It was at this point that the Cadburys became involved in the chocolate industry. In 1824, John Cadbury borrowed money to start his own business as a tea, coffee and chocolate dealer. At first he sold cocoa primarily to chocolate houses as a drink, but he ultimately developed a chocolate candy bar that started people eating chocolate as well as drinking it.

The business was passed down through the family until it came to George and Richard Cadbury. With the passing of the “adulteration of food act” in Britain, George saw an opportunity to improve the product and grow the business. He dropped the lower grade cocoas and added more milk to the recipe, creating the world’s first Dairy Milk chocolate bar in 1905, a candy bar that is to this day is one of the most popular chocolate bars in the world.

The next part of the tour took us through interesting displays on the history of Cadbury’s advertising campaigns and then through the packaging area of the Cadbury factory to see the workings of a real chocolate factory. There were special demo areas along the way that allowed visitors to try their hand at chocolate making and chocolate samples to be enjoyed.

We boarded a ride called Cadabra next to be transported into “a magical chocolate world.” For my part, the ride was reminiscent of Disney’s It’s a Small World with giant cocoa beans taking the place of the costumed dolls.

Our tour ended in the World’s Biggest Cadbury Shop, a huge gift shop with all of the Cadbury chocolate you might ever want. As I stocked up on Cadbury treats that are unavailable in Canada, I couldn’t help wondering if Cadbury World was exactly what I first suspected it to be — a complicated marketing plan to get me to buy more chocolate.

If so, it worked.

Cool chocolate facts

• It takes an entire year’s crop of cocoa beans from one tree to make 450 grams of chocolate.

• The largest moulded bar in the world was made by Cadbury Ltd. in October 1998. The bar weighs 1.1 tons and stands nearly 2.75 metres high and more than 1.2 metres wide. It is estimated the average person would require 120 years to eat it all. No estimates are available for what the person would weigh when they finished eating it.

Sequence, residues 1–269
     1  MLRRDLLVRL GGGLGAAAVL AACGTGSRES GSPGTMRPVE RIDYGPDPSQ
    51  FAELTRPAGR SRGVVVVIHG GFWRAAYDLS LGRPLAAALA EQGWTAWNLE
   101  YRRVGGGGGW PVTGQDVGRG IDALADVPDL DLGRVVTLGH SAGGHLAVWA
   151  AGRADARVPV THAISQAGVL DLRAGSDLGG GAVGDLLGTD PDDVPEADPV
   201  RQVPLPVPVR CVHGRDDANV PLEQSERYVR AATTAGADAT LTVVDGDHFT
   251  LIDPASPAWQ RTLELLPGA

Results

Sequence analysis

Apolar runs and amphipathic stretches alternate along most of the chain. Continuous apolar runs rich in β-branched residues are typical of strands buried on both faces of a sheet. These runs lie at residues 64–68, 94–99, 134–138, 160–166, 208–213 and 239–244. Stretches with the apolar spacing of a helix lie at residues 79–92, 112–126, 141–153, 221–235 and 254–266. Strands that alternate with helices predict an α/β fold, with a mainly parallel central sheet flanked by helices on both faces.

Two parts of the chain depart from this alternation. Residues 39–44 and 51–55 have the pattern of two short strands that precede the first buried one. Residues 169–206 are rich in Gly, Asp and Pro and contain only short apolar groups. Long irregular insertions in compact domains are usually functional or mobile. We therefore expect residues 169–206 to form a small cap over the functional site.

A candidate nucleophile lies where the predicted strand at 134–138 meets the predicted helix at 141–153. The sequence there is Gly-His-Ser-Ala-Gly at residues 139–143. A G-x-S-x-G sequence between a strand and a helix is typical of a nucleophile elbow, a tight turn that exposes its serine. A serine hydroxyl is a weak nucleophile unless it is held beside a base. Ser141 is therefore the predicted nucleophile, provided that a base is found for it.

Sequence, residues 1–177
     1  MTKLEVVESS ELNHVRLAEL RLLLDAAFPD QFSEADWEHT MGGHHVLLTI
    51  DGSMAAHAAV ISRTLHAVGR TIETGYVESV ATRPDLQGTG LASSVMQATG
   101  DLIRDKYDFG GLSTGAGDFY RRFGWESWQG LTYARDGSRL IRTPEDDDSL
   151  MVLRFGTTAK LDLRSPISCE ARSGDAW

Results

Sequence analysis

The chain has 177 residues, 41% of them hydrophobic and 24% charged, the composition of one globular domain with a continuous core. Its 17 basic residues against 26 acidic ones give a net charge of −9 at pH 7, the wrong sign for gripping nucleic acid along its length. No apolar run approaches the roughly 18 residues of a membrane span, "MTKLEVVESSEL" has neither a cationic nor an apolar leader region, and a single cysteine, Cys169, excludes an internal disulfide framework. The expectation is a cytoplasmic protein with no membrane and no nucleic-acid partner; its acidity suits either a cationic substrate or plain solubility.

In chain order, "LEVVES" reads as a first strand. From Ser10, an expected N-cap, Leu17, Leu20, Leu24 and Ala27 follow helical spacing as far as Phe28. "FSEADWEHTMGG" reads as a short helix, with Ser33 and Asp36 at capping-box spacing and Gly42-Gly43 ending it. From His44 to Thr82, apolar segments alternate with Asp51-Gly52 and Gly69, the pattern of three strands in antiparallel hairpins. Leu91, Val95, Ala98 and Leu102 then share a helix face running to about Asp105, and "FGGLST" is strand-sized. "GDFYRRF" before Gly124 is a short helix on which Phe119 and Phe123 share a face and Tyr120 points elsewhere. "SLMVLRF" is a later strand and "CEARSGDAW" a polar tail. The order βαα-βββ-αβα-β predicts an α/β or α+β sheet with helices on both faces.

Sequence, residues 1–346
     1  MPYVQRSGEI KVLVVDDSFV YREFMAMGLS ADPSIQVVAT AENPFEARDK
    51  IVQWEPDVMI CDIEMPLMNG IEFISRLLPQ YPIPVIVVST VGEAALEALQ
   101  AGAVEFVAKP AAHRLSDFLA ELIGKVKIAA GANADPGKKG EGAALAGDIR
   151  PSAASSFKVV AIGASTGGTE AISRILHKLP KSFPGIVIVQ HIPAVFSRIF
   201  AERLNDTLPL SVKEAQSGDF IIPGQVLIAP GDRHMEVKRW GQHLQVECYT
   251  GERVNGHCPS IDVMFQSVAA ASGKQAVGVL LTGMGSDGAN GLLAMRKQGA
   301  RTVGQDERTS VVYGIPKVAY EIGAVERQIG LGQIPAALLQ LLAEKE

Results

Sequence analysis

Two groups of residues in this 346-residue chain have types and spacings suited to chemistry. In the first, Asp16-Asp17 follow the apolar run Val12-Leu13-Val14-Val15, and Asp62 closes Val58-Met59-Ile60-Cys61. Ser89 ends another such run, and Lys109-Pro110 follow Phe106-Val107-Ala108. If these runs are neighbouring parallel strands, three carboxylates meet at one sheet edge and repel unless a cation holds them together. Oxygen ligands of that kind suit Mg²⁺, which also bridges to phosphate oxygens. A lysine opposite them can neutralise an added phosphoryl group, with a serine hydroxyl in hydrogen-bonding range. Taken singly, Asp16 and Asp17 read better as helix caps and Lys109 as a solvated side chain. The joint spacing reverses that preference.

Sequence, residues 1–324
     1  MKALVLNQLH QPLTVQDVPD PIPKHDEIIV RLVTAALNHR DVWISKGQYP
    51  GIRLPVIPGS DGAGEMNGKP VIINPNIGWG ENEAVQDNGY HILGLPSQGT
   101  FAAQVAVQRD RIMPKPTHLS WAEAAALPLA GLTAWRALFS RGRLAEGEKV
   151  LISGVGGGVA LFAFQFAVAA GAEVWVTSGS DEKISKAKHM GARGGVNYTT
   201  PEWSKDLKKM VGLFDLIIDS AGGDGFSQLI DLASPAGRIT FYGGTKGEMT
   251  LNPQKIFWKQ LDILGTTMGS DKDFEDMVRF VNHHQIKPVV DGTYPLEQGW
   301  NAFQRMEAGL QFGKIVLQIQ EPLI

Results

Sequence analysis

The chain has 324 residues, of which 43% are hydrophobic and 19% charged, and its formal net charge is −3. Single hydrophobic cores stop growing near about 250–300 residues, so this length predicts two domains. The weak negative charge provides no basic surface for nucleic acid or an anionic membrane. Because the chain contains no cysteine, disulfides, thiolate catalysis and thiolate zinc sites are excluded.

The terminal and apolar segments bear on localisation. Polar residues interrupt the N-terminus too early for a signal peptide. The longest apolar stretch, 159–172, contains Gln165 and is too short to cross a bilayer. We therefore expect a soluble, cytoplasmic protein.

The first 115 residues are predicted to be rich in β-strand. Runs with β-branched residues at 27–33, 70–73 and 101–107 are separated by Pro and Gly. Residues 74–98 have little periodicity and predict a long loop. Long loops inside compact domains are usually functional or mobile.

• Although chocolate originated in Mesoamerica, most of the world’s cocoa beans today come from West Africa.

If you go

• Cadbury World is located south of Birmingham, England — about 90 minutes by train from London. In November, Cadbury World will be celebrating Aztec weekend in honour of the history of chocolate. The weekend will include special activities for kids such as a craft zone where kids can make Aztec headdresses, samples of Montezuma’s favourite chili chocolate drink, special activities and prizes.

• Following Aztec Weekend, Cadbury World will be getting into the festive spirit with its popular Christmas Celebration weekends. Admission to Cadbury World costs £14.95 for adults and £10.95 for children. Family rates are available. For more information about a visit to Cadbury World, visit www.cadburyworld.co.uk.

Debbie Olsen is a Lacombe-based freelance writer. Follow Debbie’s travels at www.wanderwoman.ca. If you have an interesting travel story you would like to share, please email: DOGO@telusplanet.net or write to: Debbie Olsen, c/o Red Deer Advocate, 2950 Bremner Ave., Red Deer, Alta., T4R 1M9.